The Sprigg family was the first party to cross the Simpson Desert in vehicles. Fifity years later two members return to re-live their adventure.

Story By Michael Browning

Marg Sprigg was a 10-year-old, obsessed with bugs and lizards, and her little brother Doug was seven when they ‘drove’ into Australian history in September 1962. Travelling with their parents, the noted geologist and resource explorer Reg Sprigg and his resourceful and supportive wife Griselda in a short wheelbase Nissan Patrol G60, they became the first ‘motorists’ to cross the remote Simpson Desert, with its 1000-plus parallel north-south dunes.
Remarkably, this occurred 28 years after the first non-Indigenous person had crossed this challenging landscape. Although Charles Sturt became the first European to see the desert when he first visited the region in 1844, it took another 52 years before Captain Ted Colson, in 1936, accompanied only by an Aboriginal man named Peter Ains and five camels, became the first to actually traverse it.
Then in 1939, after making earlier aerial surveys, during which he named it the ‘Simpson Desert’, geologist Cecil Madigan completed a further, more detailed 25-day ground crossing at the head of a party of nine, which included a biologist, a botanist, a photographer and a radio operator, plus 19 camels.
The Spriggs’ west-east vehicle crossing of 1962 followed a similar path between latitudes 25 and 26 and was an equally remarkable trip. Along the way Reg conducted oil-seeking gravity surveys for Beach Petroleum and his trail-blazing, trans-Simpson route intersected at pre-planned points with colleagues travelling along north-south dune corridors.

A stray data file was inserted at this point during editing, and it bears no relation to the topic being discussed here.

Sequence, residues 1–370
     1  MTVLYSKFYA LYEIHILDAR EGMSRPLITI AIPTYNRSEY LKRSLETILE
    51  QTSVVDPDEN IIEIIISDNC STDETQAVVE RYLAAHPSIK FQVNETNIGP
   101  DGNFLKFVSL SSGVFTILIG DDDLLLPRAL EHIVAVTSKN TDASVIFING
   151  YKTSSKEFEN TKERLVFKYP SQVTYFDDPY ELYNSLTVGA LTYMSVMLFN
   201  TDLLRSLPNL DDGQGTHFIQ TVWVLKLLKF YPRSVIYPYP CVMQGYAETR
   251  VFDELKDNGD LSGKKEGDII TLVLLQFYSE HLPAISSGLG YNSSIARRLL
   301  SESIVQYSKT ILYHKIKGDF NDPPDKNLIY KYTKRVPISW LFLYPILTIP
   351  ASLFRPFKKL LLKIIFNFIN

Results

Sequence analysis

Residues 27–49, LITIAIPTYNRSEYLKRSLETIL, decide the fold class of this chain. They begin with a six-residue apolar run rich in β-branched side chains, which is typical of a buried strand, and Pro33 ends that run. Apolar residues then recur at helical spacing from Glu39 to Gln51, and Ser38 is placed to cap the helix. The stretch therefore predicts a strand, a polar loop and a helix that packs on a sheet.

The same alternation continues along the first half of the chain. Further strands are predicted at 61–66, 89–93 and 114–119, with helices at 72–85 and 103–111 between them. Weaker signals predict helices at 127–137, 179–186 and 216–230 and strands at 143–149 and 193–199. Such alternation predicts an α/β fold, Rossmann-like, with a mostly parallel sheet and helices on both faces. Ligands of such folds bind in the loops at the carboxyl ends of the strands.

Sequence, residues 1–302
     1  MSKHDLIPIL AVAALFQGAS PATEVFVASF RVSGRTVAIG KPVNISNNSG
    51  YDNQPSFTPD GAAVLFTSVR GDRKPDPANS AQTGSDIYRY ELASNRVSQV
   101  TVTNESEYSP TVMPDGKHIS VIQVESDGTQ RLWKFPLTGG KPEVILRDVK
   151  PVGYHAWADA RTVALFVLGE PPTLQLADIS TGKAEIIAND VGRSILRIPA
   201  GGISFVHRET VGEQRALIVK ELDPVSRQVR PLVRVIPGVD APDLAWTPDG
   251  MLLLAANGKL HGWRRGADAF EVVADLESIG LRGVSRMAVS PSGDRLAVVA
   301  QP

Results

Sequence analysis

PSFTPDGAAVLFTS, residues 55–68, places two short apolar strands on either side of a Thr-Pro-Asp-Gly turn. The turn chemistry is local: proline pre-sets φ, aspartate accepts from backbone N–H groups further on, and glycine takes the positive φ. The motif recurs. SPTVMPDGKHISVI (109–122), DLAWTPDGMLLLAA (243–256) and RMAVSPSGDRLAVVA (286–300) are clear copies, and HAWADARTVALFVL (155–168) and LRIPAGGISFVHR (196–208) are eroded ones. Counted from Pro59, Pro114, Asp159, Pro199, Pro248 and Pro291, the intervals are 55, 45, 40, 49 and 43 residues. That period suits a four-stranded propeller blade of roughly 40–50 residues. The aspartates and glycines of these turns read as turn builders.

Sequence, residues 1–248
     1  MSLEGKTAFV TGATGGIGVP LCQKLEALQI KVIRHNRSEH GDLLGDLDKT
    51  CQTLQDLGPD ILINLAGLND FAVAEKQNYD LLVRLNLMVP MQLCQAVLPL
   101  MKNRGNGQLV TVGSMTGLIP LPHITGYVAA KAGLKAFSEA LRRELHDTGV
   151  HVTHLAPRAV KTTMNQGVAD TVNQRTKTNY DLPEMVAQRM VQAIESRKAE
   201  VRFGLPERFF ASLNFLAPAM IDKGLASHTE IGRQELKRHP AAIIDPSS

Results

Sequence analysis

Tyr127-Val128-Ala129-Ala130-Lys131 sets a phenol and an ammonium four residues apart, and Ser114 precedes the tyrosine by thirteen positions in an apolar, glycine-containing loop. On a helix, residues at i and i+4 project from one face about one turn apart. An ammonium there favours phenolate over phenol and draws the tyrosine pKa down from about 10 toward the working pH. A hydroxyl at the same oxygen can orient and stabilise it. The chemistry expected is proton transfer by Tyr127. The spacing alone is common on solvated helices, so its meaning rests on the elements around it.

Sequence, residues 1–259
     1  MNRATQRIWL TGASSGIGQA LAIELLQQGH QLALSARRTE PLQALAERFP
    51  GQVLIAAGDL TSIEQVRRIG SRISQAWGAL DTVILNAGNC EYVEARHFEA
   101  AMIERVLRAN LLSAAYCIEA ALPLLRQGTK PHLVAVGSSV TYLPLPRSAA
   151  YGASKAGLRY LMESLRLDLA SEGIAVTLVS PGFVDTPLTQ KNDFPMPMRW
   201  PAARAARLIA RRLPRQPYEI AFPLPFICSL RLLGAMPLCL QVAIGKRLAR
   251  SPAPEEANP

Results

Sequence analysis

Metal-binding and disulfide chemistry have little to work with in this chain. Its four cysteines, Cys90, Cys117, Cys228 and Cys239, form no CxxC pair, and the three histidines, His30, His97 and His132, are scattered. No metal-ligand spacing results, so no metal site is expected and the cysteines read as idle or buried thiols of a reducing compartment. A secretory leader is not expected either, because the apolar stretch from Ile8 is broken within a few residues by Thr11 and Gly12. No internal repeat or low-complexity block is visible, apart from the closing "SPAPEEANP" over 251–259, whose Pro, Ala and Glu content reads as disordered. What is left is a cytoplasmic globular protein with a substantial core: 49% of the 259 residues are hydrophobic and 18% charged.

Sandwiched between their parents on the front seat of the Patrol for security as it bucked and bounced across hummocky spinifex mounds and dunes, it was an indelible experience that shaped the younger Spriggs’ lives.
With their parents now deceased and 2012 marking the 50th anniversary of that first crossing, their interest in re-tracing that pioneering journey was easily roused. What was planned was hardly the arduous journey they experienced in 1962, but there were some important parallels.
The route, for example, was similar. Back then the Spriggs began their journey from Andado homestead in the vicinity of Mt Dare, just north of the Northern Territory/South Australian border. Today it’s Aboriginal land, so they left from Mt Dare Hotel in far northern South Australia, 70km south of the original departure point.

This story excerpt is from Issue #85

Outback Magazine: Oct/Nov 2012